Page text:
Sensenbrenner's 'Freedom Act' Aims to Limit Surveillance Program

Image: Sensenbrenner's 'Freedom Act' Aims to Limit Surveillance Program

Friday, 11 Oct 2013 12:44 PM

By Lisa Furgison

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Rep. Jim Sensenbrenner, one of the original authors of the Patriot Act, is drafting legislation to rein in the surveillance power of U.S. intelligence agencies, a move that could put an end to the NSA's massive bulk collection of Internet and telephone data.

The Wisconsin Republican is teaming up with Senate Judiciary Committee Chairman Patrick Leahy and House Judiciary Committee ranking Democrat John Conyers to push what he calls the USA Freedom Act, according to U.S. News & World Report.

"We must strike the proper balance between national security and privacy," Sensenbrenner told U.S. News, referring to the recent leaks by former National Security Agency contractor Edward Snowden that revealed the existence of an agency program that scoops up the Internet and phone information of nearly all Americans, regardless of whether they are the targets of national security or terrorism investigations.

Since the Snowden disclosures earlier this year, President Barack Obama has promised more oversight of the surveillance program, but Sensenbrenner says much more needs to be done, which is why he and a group of lawmakers "who are passionate about civil liberties" have created the new bill.

According to The Guardian newspaper, the USA Freedom Act would end the mass collection of information by forcing agencies to prove to a judge that there is a reason to monitor a person's communications.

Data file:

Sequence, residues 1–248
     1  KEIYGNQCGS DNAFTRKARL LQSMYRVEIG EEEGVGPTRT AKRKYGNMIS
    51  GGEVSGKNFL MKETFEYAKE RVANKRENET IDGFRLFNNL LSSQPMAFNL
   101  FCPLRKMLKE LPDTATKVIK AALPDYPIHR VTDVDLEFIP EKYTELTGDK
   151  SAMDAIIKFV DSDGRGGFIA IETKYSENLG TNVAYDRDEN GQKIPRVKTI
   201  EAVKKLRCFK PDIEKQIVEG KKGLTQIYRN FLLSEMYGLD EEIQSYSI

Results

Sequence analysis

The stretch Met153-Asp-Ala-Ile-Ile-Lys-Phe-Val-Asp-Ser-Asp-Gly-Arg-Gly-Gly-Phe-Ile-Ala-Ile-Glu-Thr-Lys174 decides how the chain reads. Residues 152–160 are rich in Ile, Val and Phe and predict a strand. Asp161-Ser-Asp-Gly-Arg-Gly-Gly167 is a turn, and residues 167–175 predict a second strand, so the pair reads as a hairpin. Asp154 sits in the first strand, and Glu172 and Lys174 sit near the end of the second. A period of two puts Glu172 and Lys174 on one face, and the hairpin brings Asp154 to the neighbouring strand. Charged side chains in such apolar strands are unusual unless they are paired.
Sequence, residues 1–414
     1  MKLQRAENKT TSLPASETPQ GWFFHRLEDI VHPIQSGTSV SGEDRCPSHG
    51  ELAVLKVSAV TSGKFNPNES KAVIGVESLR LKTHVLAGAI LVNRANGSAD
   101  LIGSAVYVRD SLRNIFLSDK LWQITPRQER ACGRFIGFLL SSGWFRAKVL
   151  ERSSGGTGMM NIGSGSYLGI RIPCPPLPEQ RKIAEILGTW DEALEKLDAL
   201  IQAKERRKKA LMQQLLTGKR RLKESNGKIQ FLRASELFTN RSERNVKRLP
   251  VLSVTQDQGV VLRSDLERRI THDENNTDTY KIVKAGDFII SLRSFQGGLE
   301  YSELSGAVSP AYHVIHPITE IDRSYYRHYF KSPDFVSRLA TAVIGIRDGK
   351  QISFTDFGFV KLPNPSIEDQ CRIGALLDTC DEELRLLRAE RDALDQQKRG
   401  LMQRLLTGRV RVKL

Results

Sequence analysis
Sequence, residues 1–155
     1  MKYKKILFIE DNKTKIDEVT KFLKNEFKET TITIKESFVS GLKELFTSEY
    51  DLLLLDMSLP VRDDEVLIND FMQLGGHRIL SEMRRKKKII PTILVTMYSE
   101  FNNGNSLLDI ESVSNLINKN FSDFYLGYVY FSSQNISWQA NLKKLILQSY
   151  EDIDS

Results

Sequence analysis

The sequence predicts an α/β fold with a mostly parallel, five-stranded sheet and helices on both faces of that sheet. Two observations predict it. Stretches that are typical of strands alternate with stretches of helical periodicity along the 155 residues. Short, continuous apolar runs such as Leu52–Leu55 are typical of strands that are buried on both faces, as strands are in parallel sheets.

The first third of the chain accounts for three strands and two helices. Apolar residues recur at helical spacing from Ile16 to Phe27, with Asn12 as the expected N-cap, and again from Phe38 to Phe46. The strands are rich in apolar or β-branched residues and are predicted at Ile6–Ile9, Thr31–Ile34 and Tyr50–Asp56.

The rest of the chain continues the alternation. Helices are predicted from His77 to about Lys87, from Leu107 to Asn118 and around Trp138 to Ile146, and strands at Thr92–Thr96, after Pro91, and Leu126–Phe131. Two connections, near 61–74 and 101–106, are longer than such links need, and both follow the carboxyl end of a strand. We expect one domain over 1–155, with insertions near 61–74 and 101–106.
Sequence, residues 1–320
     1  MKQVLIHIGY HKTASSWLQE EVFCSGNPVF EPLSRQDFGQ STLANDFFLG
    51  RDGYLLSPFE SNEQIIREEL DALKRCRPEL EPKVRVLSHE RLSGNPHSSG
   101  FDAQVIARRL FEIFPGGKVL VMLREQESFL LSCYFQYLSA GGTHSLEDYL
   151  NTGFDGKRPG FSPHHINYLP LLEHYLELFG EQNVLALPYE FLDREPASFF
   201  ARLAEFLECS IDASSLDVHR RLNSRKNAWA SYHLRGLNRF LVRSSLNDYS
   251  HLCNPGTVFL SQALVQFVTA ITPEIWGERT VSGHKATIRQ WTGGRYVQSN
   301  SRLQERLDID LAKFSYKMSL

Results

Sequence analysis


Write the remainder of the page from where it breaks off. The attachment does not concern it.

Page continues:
The British newspaper, which has seen the draft of the legislation, reported Thursday that the NSA and other intelligence agencies would have to show "the target" of the data collection effort "was thought to be an agent of a foreign power, was engaged in activity that was the subject of an investigation, or was an individual in contact with an agent of a foreign power."

Sensenbrenner also wants to introduce more transparency into the process. Under his bill, any time there is a significant interpretation of the law by the Foreign Intelligence Surveillance Court, the attorney general must disclose the decision to the public. However, the names of targets and other important pieces of information connected to the surveillance request would still remain classified.

The bill would also put an advocate in place to represent the public's privacy concerns in court.

"This comprehensive legislation will end the bulk collection of Americans' communications records by adopting a uniform standard for intelligence gathering under Section 215 of the Patriot Act," Sensenbrenner said, US News reported. "It ends the NSA's ability to collect what they call 'a metadata program.'"

Despite having the support from key Democrats on Congress' Judiciary committees, the legislation is expected to encounter heavy opposition from both sides of the aisle, as well as the White House. Many lawmakers and the president have defended the NSA program as a necessary tool to fight terrorism, even though they have called for more transparency in how the program is carried out.

If the bill does manage to pass both chambers of Congress and Obama vetoes it, Sensenbrenner said the collection of private information from Americans would then "fall directly on the president's shoulders."

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